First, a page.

List entry

List entry Summary

This building is listed under the Planning (Listed Buildings and Conservation Areas) Act 1990 as amended for its special architectural or historic interest.

Name: CHURCH OF ST MARY AND ALL SAINTS

List entry Number: 1139156

Location

CHURCH OF ST MARY AND ALL SAINTS, HIGH STREET

The building may lie within the boundary of more than one authority.

County District District Type Parish
Cheshire West and ChesterUnitary AuthorityGreat Budworth

National Park: Not applicable to this List entry.

Grade: I

Date first listed: 08-Jan-1970

Date of most recent amendment: Not applicable to this List entry.

Legacy System Information

The contents of this record have been generated from a legacy data system.

Legacy System: LBS

UID: 57538

Asset Groupings

This list entry does not comprise part of an Asset Grouping. Asset Groupings are not part of the official record but are added later for information.

List entry Description

Summary of Building

Legacy Record - This information may be included in the List Entry Details.

Reasons for Designation

Legacy Record - This information may be included in the List Entry Details.

History

Legacy Record - This information may be included in the List Entry Details.

Details

SJ 67 NE GREAT BUDWORTH C.P. HIGH STREET South Side

6/74 Church of St Mary and All Saints

8/1/70

- I

Church C14-1527, Thomas Hunter mason of the C16 parts; windows repaired 1848-63; refurnishing by A Salvin, W Butterfield and J Douglas later C19. Red sandstone with low-pitched roofs, probably leaded, not visible. West tower, aisled nave with south porch; transept chapels north and south; chancel with south and north chapels, the last now organ chamber and vestry. 3-stage tower 1500-1520 (c.f. St Helen, Northwich) has diagonal buttresses, octagonal south-west turret, replaced oak west door in ornamented archway surmounted by band with carved coats-of-arms, decayed carved panel to each side of door, Tudor-arched west window; band; small arched bell-ringers' window on north, west and south face, eroded bas-relief panel on north and south face and clock on west face; band; paired 2-light bell-openings with transomes and stone louvres; crenellation with 8 crocketed pinnacles. Nave has 4-light panel-traceried west and south windows to aisles, 3-light north aisle windows with intersecting tracery; south clerestorey windows with Tudor arches and 4 lights with alternating basket-arched and trefoil heads and 4-light north clerestory windows with rudimentary panel tracery; plain crenellated porch with door of broad oak boards and square 2-light aisle window above; restored north door. South transept chapel has ornate 4-light south window with panel tracery, altered 3-light west window with intersecting tracery and restored lancet to east. South chancel chapel has priest's door and 3-light south and east windows with panel tracery. 5-light east window to chancel has transitional curvilinear/panel tracery. North chancel chapel has panel-traceried east window of 3 lights, a blocked opening And a 3-light north window with transitional curvilinear/panel tracery. North transept Lady Chapel, C14, has gabled buttresses, two 2-light east windows, a 3-light north window with panel tracery, priest's door and a restored 3-light reticulated window under a depressed arch. All elements are crenellated; diagonal corner buttresses; many and varied gargoyles. Interior: Tower arch simply recessed in 3 orders. Nave arcades of 6 bays; that to north has 3 square piers with half-round responds, east, and 2 with concave corners between responds and arches with big convex mouldings; that to south, later, has concave corners and triple shafts on each face and lighter arch mouldings; carved heads and other motifs on capitals of north arade; panelled oak camber-beam roof without bosses; shafts and 2 bands articulate the clerestorey. Restored camber-beam roof to south aisle; rebuilt roof with no features of interest to north aisle; chancel arch has continuing mouldings and no capitals; rood-loft arch north; line of former roof above arch. Lady Chapel (north transept), with stone screen by Salvin, has oak roof with unbraced crownposts and massive tie-beams on brackets. Warburton Chapel (south transept) has panelled camber-beam roof of oak with ornate principal beams and ovolo secondary beams. Chancel arcades of 2 bays; wagon roof. South chancel chapel has restored or replaced oak camber-beam panelled roof; organ chamber and vestry has replaced roof with no features of interest. C15 octagonal font; benefactions board, 1703, at west corner of south aisle; Glass of E window, south chancel chapel east window and vestry east window by Kempe; Lady Chapel glass 1965 by Fourmaintreaux/the Whitefriars Glass Studio; benches in south chapel probably C13; medieval stone altar in south chapel; damaged effigy of Sir John Warburton, died 1575; monument to Sir Peter Warburton died 1813; iron screen to south chancel chapel 1857; organ 1839, repositioned 1857; pulpit 1857; lectern 1888; choir prayer desks by John Douglas circa 1883, admired by T Raffles Davison. A most satisifying largely Perpendicular chuch with a few Decorated features and C19 restoration showing the influence of Rowland Egerton Warburton, an early patron of the Vernacular Revival. Pevsner and Hubbard The Buildings of Cheshire; T Raffles Davison The British Architect 12 December 1884.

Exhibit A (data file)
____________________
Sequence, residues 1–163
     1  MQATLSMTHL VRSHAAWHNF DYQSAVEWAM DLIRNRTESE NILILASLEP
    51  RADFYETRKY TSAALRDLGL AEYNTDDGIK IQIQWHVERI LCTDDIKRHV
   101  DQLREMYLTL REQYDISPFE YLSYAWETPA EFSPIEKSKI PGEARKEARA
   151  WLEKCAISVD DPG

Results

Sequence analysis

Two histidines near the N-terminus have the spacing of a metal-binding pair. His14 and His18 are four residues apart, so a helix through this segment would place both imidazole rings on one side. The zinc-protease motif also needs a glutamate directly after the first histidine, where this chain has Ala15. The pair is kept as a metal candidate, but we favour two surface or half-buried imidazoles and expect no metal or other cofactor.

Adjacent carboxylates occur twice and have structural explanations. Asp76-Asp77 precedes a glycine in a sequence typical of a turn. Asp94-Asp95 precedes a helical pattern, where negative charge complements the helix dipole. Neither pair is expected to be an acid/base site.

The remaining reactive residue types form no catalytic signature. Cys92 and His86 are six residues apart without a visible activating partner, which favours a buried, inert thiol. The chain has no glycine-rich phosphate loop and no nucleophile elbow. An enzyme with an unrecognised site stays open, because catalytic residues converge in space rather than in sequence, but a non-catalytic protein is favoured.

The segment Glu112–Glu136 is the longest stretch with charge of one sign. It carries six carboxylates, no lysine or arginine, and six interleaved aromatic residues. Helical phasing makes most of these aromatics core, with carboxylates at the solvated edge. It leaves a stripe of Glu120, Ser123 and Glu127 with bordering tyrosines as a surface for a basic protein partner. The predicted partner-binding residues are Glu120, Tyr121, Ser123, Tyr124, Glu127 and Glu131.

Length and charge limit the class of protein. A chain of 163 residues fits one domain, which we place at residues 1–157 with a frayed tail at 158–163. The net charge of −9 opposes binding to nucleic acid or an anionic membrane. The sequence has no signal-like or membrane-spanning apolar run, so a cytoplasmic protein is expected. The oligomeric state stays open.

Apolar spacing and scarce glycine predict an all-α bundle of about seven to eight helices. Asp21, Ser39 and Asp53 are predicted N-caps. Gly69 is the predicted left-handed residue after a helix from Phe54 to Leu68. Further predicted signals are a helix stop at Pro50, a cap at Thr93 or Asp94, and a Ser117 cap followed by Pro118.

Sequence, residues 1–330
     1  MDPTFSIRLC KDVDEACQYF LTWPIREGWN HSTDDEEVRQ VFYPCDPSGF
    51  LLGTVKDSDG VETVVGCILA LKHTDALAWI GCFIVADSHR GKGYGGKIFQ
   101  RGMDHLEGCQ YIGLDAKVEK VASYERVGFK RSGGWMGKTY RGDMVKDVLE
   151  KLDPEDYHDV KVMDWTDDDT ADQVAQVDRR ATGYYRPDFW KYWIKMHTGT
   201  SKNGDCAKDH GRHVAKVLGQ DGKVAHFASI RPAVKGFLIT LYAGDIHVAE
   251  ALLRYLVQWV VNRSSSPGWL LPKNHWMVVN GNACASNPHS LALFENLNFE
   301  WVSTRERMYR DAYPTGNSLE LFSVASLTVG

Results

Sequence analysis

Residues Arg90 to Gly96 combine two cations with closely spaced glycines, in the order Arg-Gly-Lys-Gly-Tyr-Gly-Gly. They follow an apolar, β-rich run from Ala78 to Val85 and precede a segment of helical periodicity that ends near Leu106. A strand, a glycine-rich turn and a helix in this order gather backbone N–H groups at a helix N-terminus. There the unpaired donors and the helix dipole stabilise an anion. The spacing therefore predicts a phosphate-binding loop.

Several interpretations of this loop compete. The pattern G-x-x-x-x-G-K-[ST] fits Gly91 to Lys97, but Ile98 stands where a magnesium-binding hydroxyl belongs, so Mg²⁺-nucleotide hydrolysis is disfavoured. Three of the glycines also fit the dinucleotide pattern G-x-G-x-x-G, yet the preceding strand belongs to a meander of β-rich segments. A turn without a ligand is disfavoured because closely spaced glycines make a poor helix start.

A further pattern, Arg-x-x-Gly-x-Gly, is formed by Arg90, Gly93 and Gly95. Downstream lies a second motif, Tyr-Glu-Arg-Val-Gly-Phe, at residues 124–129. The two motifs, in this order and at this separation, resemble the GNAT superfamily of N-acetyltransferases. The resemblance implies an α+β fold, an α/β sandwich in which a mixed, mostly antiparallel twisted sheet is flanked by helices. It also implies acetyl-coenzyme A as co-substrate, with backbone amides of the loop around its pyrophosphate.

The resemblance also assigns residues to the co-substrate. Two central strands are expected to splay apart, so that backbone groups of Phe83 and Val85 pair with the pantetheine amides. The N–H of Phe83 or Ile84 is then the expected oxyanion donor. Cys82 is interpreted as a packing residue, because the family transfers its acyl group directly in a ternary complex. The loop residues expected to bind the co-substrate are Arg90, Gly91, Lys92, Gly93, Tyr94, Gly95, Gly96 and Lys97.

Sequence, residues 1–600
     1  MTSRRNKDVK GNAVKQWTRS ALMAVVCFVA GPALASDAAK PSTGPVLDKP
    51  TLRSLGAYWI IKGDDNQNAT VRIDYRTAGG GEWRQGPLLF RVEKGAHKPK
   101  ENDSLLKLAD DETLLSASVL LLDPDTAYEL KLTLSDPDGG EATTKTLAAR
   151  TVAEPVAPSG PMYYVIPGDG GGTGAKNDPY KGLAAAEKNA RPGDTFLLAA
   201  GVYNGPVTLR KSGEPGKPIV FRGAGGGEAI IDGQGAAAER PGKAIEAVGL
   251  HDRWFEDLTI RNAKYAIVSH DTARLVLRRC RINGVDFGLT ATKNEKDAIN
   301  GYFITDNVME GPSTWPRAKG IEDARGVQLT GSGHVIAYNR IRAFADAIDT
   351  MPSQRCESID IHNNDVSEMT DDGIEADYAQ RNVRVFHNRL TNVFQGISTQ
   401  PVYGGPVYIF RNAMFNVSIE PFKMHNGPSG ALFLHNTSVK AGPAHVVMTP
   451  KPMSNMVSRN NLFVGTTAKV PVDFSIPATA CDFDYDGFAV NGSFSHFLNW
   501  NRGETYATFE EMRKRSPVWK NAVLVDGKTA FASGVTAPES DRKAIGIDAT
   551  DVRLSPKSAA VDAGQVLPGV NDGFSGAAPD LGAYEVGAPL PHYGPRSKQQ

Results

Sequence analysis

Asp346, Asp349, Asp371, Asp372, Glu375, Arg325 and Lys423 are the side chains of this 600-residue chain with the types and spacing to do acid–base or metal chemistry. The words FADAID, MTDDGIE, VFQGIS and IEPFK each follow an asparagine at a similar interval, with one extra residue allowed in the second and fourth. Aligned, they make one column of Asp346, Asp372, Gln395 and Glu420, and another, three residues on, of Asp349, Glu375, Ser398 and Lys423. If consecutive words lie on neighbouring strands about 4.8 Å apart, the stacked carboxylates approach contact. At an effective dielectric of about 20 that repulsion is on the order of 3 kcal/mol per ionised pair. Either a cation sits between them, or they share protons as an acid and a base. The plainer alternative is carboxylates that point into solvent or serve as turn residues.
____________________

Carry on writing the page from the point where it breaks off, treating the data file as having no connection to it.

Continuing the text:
Listing NGR: SJ6648177518

Selected Sources

Books and journals
Pevsner, N, Hubbard, E, The Buildings of England: Cheshire, (1971)
'The British Architect' in The British Architect: 12 December, (1884)

National Grid Reference: SJ 66485 77523

Map


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This copy shows the entry on 18-Dec-2014 at 04:26:07.